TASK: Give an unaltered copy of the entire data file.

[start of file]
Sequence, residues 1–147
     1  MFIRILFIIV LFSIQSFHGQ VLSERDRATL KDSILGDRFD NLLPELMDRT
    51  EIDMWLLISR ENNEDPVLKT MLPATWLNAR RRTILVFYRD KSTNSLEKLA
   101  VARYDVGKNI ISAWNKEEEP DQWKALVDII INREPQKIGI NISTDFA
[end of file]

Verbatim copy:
Sequence, residues 1–147
     1  MFIRILFIIV LFSIQSFHGQ VLSERDRATL KDSILGDRFD NLLPELMDRT
    51  EIDMWLLISR ENNEDPVLKT MLPATWLNAR RRTILVFYRD KSTNSLEKLA
   101  VARYDVGKNI ISAWNKEEEP DQWKALVDII INREPQKIGI NISTDFA